During their trip, the two couples focused on interviewing the workers involved, finding out what was working and where the struggles lay. They also did some water sampling and collected other data to bring home for analysis.

“We didn’t really know how well it was working before we went to visit,” de Graff said. “But it’s working beyond our wildest dreams.”

“It’s like that old saying, teach a man to fish and he’ll eat for his whole life. The only difference is that Susan taught them to grow fish. The possibility for the project was there all along, she just supplied the spark,” Gilgan said.

Contact Jesse Winter at


Get local stories you won't find anywhere else right to your inbox.
Sign up here

Just Posted

Dawson City RCMP are reporting a break and enter on Feb. 25 after two masked men entered a residence, assaulted a man inside with a weapon and departed. (Black Press file)
Two men arrested after Dawson City home invasion

Dawson City RCMP are reporting a break and enter on Feb. 25.… Continue reading

Highways and Public Works Minister Richard Mostyn speaks to reporters at a news conference in Whitehorse on Dec. 21, 2017. New ATIPP laws are coming into effect April 1. (Chris Windeyer/Yukon News file)
New access to information laws will take effect April 1

“Our government remains committed to government openness and accountability.”

City council meeting in Whitehorse on Feb. 8. At Whitehorse city council’s March 1 meeting, members were presented with a bylaw that would repeal 10 bylaws deemed to be redundant or out of date. (Crystal Schick/Yukon News file)
Out with the old

Council considers repealing outdated bylaws

A bobcat is used to help clear snow in downtown Whitehorse on Nov. 4. According to Environment Canada, the Yukon has experienced record-breaking precipitation this year. (Crystal Schick/Yukon News file)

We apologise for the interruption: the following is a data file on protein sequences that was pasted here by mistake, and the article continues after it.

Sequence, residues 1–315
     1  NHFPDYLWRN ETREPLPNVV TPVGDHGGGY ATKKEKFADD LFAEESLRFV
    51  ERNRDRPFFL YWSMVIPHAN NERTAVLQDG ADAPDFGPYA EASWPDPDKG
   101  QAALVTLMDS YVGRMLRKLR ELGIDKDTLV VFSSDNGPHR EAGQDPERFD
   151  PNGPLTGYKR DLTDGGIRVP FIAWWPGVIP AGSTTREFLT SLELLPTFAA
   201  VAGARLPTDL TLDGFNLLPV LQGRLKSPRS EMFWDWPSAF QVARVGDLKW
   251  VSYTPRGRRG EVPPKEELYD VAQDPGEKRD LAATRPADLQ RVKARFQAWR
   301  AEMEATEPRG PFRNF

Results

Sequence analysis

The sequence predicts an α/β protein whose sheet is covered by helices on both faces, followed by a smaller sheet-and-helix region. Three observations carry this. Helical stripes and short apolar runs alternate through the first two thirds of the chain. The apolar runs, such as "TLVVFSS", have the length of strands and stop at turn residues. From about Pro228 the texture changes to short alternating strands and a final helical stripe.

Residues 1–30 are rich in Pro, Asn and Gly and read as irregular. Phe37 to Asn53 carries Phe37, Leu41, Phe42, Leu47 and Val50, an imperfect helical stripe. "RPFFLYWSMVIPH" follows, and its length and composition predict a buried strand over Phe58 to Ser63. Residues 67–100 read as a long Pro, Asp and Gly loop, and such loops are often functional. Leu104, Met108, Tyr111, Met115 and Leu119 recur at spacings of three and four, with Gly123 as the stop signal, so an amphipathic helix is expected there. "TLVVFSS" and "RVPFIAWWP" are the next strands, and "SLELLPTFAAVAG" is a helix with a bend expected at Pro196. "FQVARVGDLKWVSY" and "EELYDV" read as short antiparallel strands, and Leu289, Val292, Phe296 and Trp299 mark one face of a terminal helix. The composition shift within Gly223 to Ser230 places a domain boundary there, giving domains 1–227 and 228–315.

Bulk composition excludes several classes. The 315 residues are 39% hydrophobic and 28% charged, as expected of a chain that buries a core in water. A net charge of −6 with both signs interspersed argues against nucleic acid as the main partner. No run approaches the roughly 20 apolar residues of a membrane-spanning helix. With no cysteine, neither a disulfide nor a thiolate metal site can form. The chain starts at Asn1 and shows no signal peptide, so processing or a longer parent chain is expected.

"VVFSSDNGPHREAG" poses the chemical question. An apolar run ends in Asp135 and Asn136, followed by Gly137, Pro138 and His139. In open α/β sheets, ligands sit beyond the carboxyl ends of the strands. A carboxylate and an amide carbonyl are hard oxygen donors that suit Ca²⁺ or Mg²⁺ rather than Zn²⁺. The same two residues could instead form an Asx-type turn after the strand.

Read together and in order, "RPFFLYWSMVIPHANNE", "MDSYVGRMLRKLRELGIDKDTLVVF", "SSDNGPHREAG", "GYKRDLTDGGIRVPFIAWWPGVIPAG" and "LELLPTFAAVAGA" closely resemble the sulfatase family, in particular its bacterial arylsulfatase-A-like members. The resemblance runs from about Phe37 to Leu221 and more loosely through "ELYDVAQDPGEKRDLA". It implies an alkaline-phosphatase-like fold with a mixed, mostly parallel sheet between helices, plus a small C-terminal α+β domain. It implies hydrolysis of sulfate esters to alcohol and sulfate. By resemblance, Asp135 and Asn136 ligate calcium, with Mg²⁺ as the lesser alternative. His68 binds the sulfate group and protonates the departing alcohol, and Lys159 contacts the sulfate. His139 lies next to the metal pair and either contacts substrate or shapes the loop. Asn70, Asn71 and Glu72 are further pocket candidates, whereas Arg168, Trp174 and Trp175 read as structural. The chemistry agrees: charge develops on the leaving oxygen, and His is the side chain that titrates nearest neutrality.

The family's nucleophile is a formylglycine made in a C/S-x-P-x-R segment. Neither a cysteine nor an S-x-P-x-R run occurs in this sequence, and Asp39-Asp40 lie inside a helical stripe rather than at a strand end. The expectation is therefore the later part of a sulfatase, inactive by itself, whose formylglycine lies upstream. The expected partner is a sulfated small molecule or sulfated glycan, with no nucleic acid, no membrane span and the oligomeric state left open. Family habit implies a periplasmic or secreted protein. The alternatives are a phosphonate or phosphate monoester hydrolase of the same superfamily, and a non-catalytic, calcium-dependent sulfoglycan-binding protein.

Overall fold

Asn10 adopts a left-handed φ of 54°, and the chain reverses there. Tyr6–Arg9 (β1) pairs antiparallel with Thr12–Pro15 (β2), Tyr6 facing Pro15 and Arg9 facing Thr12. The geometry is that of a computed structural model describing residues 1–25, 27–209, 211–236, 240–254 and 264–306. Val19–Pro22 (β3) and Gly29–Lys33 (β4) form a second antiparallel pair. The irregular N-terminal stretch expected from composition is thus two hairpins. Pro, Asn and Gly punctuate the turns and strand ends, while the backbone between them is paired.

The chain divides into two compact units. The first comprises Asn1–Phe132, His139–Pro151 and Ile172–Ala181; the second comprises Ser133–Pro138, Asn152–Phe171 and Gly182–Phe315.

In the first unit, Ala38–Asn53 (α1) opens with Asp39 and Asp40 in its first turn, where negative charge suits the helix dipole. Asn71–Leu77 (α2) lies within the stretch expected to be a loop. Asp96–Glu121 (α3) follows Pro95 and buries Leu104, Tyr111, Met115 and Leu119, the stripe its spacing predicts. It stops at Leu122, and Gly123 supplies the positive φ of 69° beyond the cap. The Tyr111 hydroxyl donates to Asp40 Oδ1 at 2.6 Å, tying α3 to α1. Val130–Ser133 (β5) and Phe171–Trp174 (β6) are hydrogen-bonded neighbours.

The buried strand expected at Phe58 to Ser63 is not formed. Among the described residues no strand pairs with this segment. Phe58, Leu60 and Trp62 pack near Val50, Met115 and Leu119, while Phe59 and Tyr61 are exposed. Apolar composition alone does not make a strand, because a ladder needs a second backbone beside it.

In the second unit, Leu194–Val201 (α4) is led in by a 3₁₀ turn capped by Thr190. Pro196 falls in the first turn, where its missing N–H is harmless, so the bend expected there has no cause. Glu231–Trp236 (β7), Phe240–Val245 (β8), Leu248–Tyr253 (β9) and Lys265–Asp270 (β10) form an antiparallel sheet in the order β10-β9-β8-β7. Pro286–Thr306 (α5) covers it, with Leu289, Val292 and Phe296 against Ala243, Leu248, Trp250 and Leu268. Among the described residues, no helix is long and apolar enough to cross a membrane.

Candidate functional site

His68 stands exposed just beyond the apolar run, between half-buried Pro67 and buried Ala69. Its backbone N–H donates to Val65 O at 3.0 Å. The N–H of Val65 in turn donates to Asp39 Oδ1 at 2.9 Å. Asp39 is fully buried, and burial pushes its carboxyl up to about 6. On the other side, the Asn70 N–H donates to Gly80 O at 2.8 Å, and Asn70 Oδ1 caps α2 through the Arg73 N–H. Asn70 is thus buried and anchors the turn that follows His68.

Yukon will have “delayed spring” after heavy winter snowfall

After record levels of precipitation, cold spring will delay melt

Yukon RCMP say they’ve received three reports of youth being extorted online. (Black Press file)
Yukon youth being extorted online

Yukon RCMP say they’ve received three reports of youth being extorted on… Continue reading

A man walks passed the polling place sign at city hall in Whitehorse on Oct. 18, 2018. The City of Whitehorse is preparing for a pandemic-era election this October with a number of measures proposed to address COVID-19 restrictions. (Crystal Schick/Yukon News file)
City gets set for Oct. 21 municipal election

Elections procedures bylaw comes forward

A rendering of the Normandy Manor seniors housing facility. (Photo courtesy KBC Developments)
Work on seniors housing project moves forward

Funding announced for Normandy Manor

Tom Ullyett, pictured, is the first Yukoner to receive the Louis St-Laurent Award of Excellence from the Canadian Bar Association for his work as a community builder and mentor in the territory. (Gabrielle Plonka/Yukon News)
Tom Ullyett wins lifetime achievement award from the Canadian Bar Association

Ullyett has worked in the Yukon’s justice ecosystem for 36 years as a public sector lawyer and mentor

The Blood Ties outreach van will now run seven nights a week, thanks to a boost in government funding. Logan Godin, coordinator, and Jesse Whelen, harm reduction counsellor, are seen here on May 12, 2020. (Crystal Schick/Yukon News file)
Blood Ties outreach van running seven nights a week with funding boost

The Yukon government is ramping up overdose response, considering safe supply plan

Ranj Pillai speaks to media about business relief programs in Whitehorse on April 1, 2020. The Yukon government announced Feb.25 that it will extend business support programs until September. (Crystal Schick/Yukon News)
Government extends business relief programs to September, launches new loan

“It really gives folks some help with supporting their business with cash flow.”

Whitehorse City Hall. (Joel Krahn/Yukon News file)
A look at decisions made by Whitehorse City Council this week

Bylaw amendment Whitehorse city council is moving closer with changes to a… Continue reading

Susie Rogan is a veteran musher with 14 years of racing experience and Yukon Journey organizer. (Yukon Journey Facebook)
Yukon Journey mushers begin 255-mile race

Eleven mushers are participating in the race from Pelly Crossing to Whitehorse

Legislative assembly on the last day of the fall sitting in Whitehorse on Nov. 22, 2018. As the legislature prepares to return on March 4, the three parties are continuing to finalize candidates in the territory’s 19 ridings. (Crystal Schick/Yukon News file)
Nine new candidates confirmed in Yukon ridings

It has been a busy two weeks as the parties try to firm up candidates

Most Read